Tuesday, December 14, 2010

Tombstone Tuesday - Margaret Newcom

Wife of
M.W. Newcom
July 1, 1834

Buried Bells Mines Cemetery, Crittenden County, Kentucky. Tombstone photographed 15 October 2010. The bottom line of the inscription is not visible.

Margaret Ann Hoyt married M.W. Newcom 8 January 1852 in Crittenden County. The 1860 Crittenden County census shows only M.W. Newcom and two children, Francis A., age 6, and Wm. D., age 3. It is assumed that Margaret died between 1857 and 1860. M.W. Newcom died by 11 February 1861, when E.H. Bennett was appointed administrator of Newcom's estate.


Thursday, December 9, 2010

Jeremiah L. Brewster 1809 - 1842 A Smithland Tragedy


Jeremiah Brewster did not live in Smithland very long.  He never appeared on a tax list or census record; he did not buy or sell land; he left no marriage record, but an account of his death does survive.

A tombstone in Smithland Cemetery attests to Brewster's life and death in  Smithland.

to the Memory
Jeremiah Brewster
formerly of Strafford
N.H. born March 6th
Died Decr. 30th
Safe in the bosom of thy
God  beloved Brother
art thou gone now
with thou then  [illegible]

Jeremiah L. Brewster  is mentioned in a news item in the  14 January 1843 issue of the Alexandria Gazette , reprinted from the Louisville, Kentucky Journal and  accessed through GenealogyBank. Under the headline of Smithland Tragedy, it is stated that in the process of attaching the steamboat Princeton, the local sheriff went on board and  cut the wheel-rope to render the boat unmanageable. An exchange of words and fists took place between the sheriff and captain, with the sheriff attempting to strike the captain's throat with a Bowie knife. Being unsuccessful, the deputy handed the sheriff a pistol, which was fired at the captain, wounding him in the arm. The captain got his rifle, aimed at the sheriff, but, by mistake shot the  Smithland ferryman,  Jeremiah L. Brewster, who then died.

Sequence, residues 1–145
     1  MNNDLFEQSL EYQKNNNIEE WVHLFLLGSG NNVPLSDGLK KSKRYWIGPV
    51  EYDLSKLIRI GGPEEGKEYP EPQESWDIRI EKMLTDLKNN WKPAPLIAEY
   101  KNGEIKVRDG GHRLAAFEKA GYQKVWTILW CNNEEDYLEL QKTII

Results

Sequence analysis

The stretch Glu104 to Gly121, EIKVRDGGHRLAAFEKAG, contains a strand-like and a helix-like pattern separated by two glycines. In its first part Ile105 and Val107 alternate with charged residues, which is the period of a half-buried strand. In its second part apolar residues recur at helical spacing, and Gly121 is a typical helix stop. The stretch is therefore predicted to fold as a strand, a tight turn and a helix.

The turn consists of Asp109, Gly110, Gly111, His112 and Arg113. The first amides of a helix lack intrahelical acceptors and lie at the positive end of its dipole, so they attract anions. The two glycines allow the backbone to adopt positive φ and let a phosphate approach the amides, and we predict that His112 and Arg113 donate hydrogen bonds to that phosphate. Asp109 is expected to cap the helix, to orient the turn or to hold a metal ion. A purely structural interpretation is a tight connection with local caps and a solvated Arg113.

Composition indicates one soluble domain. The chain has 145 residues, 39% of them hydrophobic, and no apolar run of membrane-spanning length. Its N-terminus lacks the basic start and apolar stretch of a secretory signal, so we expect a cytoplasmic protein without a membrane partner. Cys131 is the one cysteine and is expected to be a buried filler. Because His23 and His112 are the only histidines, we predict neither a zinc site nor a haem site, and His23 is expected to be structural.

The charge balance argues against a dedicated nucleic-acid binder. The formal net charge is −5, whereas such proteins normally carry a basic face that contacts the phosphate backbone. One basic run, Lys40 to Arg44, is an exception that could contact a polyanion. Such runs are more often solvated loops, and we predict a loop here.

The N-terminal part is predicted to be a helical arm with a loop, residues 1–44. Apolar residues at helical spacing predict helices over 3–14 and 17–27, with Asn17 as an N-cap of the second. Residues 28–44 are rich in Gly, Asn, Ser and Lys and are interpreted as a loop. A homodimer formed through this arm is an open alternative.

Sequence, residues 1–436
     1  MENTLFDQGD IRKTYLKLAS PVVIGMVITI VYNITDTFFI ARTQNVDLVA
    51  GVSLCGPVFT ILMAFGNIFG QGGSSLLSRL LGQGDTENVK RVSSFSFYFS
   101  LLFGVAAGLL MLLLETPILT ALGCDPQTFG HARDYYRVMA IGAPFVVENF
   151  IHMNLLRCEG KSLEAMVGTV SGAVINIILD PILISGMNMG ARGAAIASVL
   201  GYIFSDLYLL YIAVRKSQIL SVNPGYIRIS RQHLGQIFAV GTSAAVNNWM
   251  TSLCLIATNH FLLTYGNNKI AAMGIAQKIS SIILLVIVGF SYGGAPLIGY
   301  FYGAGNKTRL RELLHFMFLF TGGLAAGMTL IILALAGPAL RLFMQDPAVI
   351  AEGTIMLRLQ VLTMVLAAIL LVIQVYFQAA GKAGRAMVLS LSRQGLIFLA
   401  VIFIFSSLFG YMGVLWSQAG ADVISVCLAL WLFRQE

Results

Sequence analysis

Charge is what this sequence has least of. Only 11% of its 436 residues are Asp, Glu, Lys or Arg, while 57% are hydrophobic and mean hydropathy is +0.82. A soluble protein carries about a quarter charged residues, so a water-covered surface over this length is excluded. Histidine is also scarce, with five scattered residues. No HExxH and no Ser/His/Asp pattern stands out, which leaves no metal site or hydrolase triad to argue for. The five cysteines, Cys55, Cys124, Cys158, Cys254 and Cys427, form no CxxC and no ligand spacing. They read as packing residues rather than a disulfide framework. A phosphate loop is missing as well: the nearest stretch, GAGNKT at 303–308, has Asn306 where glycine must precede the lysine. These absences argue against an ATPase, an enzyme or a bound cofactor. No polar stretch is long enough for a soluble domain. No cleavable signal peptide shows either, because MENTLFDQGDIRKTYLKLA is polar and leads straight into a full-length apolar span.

On the 17th of January 1843, Daniel Brewster of Stafford County, New Hampshire appointed a son, Ira A. Brewster of Salem, Massachusetts, tanner, his attorney to settle the estate of his son, Jeremiah Brewster. The document, which appears in Livingston County Deed Book GG, page 482-483, states  the following:  "Whereas my son Jeremiah L. Brewster late of Smithland ... has recently deceased leaving estate and property in sd. state  ... and whereas I am the father and sole heir at law ... but being advanced in years and unable personally to go to ... Kentucky ..." This tells us that Jeremiah left no widow or issue as well as the name of his father and brother.

Wesley B. King was appointed administrator of Jeremiah's estate on 6 February 1843, according to County Court Order Book I, pages 417-418, with Wm. Smedley and Jesse Pell as his sureties on the administrator's bond.  When D.A.  Given, John E. Wilson and George Hagey appraised Brewster's estate, the only assets were his interest in Smedley, Brewster and Company and the amount of an open account against Jesse Pell.